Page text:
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Book V.

Let CK be a part of CD, and GL the fame part of GH; and let AB be the same multiple of CK, that EF is of GL : Therefore,

F
by prop. C. of sth book, AB is to B

H
CK, as EF to GL: And CD, GH

D
are equimultiples of CK, GL the
second and fourth ; wherefore, by
Cor. prop. 4. Book 5. AB is to CD,

KI L
as EF to GH.
And if four magnitudes be pro-

A CE GM

Ë portionals according to the 5th def. of Book 5. they are also proportionals according to the 20th def. of Book 7.

First, If A be to B, as C to D; then if A be any multiple or part of B, C is the same multiple or part of D, by prop. D.

AC

of B. 5.

Next, If AB be to CD, as EF to GH; then if AB contains any parts of CD, EF contains the same parts of GH : For let CK be a part of CD, and GL the same part of GH, and let AB be a multiple of CK; EF is the same multiple of GL : Take M the fame multiple of GL that AB is of CK; therefore by prop. C. of B. 5. AB is to CK, as M to GL; and CD, GH are equimultiples of CK, GL; wherefore by Cor. prop. . 4. B. 5. AB is to CD, as M to GH: And, by the hypothesis

,
5
AB is to CD, as EF to GH; therefore M is equal to EF by
prop. 9. Book 5. and consequently EF is the same multiple of
GL that AB is of CK.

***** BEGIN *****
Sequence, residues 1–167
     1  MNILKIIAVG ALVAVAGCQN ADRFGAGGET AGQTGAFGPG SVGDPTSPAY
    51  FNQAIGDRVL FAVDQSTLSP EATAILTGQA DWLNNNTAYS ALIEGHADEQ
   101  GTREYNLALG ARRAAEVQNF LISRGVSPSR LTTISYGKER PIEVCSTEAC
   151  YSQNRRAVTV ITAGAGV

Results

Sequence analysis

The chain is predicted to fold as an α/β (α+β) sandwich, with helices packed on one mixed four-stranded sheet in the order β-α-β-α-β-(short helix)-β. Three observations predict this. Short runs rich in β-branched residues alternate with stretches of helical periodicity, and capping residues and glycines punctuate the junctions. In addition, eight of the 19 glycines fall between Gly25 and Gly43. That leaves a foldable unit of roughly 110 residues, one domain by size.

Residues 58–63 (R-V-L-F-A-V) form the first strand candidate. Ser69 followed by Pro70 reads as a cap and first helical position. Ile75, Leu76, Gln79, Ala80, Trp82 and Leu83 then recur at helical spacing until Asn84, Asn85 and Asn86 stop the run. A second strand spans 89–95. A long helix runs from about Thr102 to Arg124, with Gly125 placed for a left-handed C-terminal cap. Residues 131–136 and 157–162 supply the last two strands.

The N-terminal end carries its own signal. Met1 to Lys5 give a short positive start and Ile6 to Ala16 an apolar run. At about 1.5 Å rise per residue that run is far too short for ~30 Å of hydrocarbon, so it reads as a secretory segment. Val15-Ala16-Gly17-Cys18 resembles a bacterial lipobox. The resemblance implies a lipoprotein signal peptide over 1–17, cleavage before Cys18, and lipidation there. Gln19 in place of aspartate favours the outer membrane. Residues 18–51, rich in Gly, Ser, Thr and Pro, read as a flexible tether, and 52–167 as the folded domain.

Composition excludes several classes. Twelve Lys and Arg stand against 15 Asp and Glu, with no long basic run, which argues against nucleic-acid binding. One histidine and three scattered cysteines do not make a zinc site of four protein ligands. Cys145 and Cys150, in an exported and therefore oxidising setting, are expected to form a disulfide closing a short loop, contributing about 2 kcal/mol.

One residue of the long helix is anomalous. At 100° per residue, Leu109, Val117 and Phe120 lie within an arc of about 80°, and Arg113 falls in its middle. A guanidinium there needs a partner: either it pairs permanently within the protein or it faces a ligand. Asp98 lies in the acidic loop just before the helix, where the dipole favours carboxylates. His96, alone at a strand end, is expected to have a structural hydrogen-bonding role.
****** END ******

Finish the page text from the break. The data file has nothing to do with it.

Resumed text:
PROP. D. B. V.
This is not unfrequently used in the demonstration of other
propositions, and is neceffary in that of prop. 9. B. 6. It seems
Theon has left it out for the reason mentioned in the notes at
Prop. A.

PRO P. VIII. B. v.
In the demonstration of this, as it is now in the Greeki
there are two cases, (see the demonstration in Hervagius, or
Dr Gregory's edition), of which the first is that in which AE
is less than EB ; and in this, it necessarily follows that HO
the multiple of EB is greater than ZH the same multiple of
AE, which latt multiple, by the construction, is greater than
A; whence also HO must be greater than A : But, in the fecond
case, viz. that in which EB is less than AE, tho' ZH be greater
than A, yet Ho may be less than the fame A; so that there,
cannot be taken a multiple of a which is the first that is

greater

greater than K, or Ho, because a itself is greater than it: Up. Book V. on this account, the author of this demonstration found it necessary to change one part of the construction that was made use of in the first cafe : But he has, without any neceffity, changed also another part of it, viz. when he orders to take N that multiple of A which is the first that is greater than

Z

z ZH; for he might have taken

2 that multiple of A which is the

I first that is greater than HO, HI

A

А or K, as was done in the first cafe : He likewise brings in

E this K into the demonstration

Hof both cases, without any rea

E fon ; for it serves to no pure pofe but to lengthen the de. ΒΔ Θ ΒΔ monstration. There is also a third case, which is not mentioned in this demonstration, viz. that in which AE in the first, or EB in the second of the two other cases, is greater than D; and in this any equimultiples, as the doubles, of AE, KB are to be taken, as is done in this edition, where all the cases are at once demonstrated : And from this it is plain that Theon, or some other unskilful editor has vitiated this propofition.

PRO P. IX. B. V. Of this there is given a more explicit demonstration than that which is now in the elements.